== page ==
Viewpoint: Early concerns about school bond ignored by PUSD leaders
By Sioux Duddy and Cindy Zdvorak
Are we surprised at the news that the Poway Unified School District school board bamboozled the “simple majority” and has now cost tax payers nearly $1 billion to fund a $105 million bond?
No, not really….
At the first mention of a bond, over a decade ago, one of PUSD’s tactics to convince voters this was the only solution to revamp aging schools was to aggressively recruit PTA volunteers to sell their solution to the masses by distributing PUSD propaganda provided by an outside consulting firm.
Although the idea behind the proposal sounded inviting, we had a few basic questions.
Why in 1999, with over 40 percent of the state budget going to education, did PUSD not have enough money to maintain and upgrade schools?
Why, when the state was expected to end the 2000-2001 budget year with $6.9 billion in excess revenues, did PUSD need to burden Poway residents with another line item on their property tax bill?
The powers that be did not want to answer those specific questions, so we did some research on our own.
We learned that the state inequitably disbursed funds to different school districts throughout the state, with poorer performing districts receiving more monies than higher performing districts like PUSD.
Additionally, we learned about prevailing wage, a state mandate that is required in government contracting that significantly balloons construction costs.
Finally, we learned about categorical spending, earmarked funds given by the state, that prevent districts from spending money where needed locally.
It was evident to us that the problem was systemic and a more lasting approach to the short-term problem was reform at the state level.
Apparently we were too vocal with our concerns, because we were called into our principal’s office, with John Collins and other PTA presidents, to help us understand why we should change our position and join forces to pass the bond. Mr. Collins respectfully acknowledged that our findings were valid, but lobbying at the state level to remedy these issues would take too much time. PUSD needed a quicker solution and that path was passing a bond.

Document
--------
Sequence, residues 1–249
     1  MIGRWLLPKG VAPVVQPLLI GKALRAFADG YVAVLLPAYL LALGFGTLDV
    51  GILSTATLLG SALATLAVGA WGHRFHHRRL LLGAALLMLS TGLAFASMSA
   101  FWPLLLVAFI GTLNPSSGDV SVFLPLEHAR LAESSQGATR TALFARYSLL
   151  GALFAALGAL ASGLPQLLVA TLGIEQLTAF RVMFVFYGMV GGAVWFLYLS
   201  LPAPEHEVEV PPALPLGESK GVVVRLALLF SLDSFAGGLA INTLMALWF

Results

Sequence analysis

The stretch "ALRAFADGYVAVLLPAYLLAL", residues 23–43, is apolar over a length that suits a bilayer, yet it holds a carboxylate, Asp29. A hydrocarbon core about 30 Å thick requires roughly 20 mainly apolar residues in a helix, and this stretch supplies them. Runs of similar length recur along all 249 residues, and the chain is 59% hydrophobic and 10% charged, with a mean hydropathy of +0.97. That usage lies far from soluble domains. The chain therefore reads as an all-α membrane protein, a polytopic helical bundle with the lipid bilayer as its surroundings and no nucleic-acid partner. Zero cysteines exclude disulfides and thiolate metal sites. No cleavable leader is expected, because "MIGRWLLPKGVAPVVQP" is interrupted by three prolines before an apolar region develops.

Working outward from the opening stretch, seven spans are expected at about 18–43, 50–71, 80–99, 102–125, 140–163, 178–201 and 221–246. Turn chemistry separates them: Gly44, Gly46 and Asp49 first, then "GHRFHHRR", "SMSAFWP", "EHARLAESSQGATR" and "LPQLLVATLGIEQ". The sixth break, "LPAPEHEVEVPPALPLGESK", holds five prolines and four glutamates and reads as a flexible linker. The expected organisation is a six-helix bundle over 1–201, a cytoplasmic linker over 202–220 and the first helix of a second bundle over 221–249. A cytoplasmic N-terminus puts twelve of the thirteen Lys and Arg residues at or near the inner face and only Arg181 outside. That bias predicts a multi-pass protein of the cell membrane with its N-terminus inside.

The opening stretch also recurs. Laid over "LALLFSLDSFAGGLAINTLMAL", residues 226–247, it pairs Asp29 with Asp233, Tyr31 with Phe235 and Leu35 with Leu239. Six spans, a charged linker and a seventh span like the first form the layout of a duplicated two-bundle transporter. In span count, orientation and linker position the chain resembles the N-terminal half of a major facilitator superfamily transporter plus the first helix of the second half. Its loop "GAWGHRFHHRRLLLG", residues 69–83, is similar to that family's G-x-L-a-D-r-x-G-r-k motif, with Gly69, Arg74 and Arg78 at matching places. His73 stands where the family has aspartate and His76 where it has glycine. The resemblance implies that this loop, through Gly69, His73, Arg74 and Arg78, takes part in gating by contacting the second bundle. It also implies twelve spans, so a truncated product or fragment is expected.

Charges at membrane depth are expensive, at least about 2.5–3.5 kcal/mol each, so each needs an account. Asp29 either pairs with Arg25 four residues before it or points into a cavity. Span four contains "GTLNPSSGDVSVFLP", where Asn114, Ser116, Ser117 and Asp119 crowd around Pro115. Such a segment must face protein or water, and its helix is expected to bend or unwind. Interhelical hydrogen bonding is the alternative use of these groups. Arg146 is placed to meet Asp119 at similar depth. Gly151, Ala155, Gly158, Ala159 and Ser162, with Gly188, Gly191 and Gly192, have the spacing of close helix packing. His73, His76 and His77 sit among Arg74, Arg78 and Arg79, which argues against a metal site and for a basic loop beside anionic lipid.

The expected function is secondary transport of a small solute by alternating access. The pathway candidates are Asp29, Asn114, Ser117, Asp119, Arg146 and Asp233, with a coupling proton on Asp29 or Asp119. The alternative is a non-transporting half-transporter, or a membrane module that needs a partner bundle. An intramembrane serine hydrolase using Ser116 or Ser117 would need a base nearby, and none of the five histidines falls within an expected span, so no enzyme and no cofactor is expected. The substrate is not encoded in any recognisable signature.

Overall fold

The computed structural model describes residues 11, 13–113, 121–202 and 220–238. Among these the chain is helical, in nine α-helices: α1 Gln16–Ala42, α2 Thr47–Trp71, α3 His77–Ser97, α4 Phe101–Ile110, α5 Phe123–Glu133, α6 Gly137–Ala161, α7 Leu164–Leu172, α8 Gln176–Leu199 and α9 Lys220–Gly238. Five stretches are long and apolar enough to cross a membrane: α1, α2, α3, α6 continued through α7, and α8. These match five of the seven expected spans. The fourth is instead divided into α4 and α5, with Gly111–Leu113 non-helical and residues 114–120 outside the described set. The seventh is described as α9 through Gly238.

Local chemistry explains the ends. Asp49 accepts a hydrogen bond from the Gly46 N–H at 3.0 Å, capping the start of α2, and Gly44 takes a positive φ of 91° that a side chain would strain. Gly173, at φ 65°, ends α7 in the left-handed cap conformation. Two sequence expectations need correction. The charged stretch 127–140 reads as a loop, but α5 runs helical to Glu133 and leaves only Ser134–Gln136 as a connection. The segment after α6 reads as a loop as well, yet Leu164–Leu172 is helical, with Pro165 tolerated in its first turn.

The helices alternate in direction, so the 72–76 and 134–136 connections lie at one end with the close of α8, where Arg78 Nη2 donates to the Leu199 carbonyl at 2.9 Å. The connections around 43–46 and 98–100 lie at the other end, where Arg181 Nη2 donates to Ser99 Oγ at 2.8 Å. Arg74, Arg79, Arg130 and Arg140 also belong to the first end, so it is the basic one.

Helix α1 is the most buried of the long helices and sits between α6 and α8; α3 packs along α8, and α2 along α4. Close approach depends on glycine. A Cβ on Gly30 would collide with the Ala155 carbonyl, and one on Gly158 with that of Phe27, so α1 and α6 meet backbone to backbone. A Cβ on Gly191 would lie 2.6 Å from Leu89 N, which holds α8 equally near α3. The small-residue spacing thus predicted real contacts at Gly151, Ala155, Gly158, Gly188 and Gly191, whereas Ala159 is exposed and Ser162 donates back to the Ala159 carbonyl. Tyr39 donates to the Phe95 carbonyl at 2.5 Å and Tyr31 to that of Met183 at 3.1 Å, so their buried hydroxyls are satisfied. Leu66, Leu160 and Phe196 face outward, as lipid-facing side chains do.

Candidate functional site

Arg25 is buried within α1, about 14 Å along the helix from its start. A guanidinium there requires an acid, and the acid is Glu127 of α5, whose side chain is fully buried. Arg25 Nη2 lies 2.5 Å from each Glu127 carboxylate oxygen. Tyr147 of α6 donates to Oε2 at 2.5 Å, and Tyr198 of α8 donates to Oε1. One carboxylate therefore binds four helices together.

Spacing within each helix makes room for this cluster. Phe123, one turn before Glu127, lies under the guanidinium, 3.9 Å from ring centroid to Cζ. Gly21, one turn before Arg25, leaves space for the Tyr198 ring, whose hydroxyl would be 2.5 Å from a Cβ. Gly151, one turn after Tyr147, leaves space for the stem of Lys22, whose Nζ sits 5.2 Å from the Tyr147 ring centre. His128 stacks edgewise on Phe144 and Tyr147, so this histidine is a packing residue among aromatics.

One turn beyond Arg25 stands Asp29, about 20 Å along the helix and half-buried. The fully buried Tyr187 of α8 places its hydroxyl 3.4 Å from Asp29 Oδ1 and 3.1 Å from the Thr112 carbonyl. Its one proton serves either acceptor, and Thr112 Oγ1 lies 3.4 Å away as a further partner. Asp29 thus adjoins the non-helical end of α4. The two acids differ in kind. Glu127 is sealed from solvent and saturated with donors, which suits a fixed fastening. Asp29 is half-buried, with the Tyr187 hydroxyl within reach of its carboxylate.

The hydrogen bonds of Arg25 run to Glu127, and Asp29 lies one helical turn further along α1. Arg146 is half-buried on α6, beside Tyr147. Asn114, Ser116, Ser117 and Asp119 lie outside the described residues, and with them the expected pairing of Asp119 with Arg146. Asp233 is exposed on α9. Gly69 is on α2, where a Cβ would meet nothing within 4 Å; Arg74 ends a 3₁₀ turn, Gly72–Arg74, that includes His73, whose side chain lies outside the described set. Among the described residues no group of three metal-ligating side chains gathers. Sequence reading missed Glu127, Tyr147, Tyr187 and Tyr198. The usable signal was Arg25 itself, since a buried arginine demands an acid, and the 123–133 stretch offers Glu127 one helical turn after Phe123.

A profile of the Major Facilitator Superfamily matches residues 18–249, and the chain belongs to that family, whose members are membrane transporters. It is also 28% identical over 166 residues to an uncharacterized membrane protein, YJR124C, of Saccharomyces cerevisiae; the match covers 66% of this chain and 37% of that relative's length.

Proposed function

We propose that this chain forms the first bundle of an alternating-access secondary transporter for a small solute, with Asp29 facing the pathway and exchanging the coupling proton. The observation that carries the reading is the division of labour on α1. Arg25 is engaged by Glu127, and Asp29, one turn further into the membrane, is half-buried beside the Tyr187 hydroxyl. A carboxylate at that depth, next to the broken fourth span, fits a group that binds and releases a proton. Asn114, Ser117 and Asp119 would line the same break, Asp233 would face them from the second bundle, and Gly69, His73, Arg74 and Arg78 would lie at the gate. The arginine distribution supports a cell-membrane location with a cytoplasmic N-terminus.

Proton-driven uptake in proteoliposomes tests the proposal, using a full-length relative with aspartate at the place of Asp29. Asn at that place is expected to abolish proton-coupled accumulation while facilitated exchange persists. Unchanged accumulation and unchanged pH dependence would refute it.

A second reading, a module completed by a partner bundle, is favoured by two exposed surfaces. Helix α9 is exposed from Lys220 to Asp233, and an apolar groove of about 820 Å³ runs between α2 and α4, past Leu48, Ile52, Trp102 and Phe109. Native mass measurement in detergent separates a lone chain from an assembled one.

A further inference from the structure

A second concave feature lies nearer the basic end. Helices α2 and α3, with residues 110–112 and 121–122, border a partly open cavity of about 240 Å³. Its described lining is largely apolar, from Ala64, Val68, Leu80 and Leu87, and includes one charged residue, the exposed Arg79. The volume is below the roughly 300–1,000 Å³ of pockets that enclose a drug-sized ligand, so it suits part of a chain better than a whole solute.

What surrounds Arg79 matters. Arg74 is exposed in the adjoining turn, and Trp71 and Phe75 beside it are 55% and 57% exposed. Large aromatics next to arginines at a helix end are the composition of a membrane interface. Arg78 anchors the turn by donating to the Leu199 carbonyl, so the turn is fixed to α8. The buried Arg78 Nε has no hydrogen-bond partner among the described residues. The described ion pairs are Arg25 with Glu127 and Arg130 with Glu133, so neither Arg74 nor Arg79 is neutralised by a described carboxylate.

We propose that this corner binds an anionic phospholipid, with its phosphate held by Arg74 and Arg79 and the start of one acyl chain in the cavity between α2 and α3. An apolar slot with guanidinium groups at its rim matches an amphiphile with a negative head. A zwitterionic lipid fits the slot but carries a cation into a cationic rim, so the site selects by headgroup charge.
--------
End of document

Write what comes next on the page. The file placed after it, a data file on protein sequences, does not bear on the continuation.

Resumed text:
Obviously, other voters had the same concerns, and common sense did prevail because PUSD, along with other districts, were unsuccessful in their bond attempts.
And so PUSD and other districts joined forces to push a statewide initiative to lower a passing vote from two-thirds to a simple majority, allowing districts to more easily get their hands on local money. They couldn’t win so they decided to change the rules of the game.
Proposition U, the $198 million bond, passed in 2002, and by 2008 the district had overspent taxpayers’ money to the tune of $40 million and they came back asking voters to pass yet another bond, Proposition C. At this point, we could challenge PUSD’s claims that they were over budget due to inflated construction costs. We could also challenge their integrity when they masked the truth about the additional costs to taxpayers if Proposition C passed.
In light of the current information, these past concerns don’t even come close to measuring up to the “madness” of their decision to commit to a capital appreciation bond.
PUSD claims that they have been good stewards of taxpayer money. We would hate to see what a mess we would be in if they had acted irresponsibly.
The fact that PUSD was reportedly warned last year against making this deal by the county tax collector’s office really speaks volumes. PUSD promised something that they knew was not possible (no increased taxes), so in order to save face, PUSD swept the problem under the rug only to let our children and our grandchildren worry about it in 20 years.
We can’t even preach to the voters to educate themselves before voting, because PUSD withheld information and was not forthcoming about their long-term plans. Although it doesn’t take a rocket scientist to figure out that when you borrow more money, and someone says it isn’t going to cost you anything, you’ve got to wonder. Come on people!
Honestly, we are not sure how PUSD board members and staff sleep at night.
Duddy and Zdvorak are Poway residents.
- PUSD releases statement on school bonds
- PUSD not alone in high-interest financing
- Borrowing $105 million will cost PUSD nearly $1 billion
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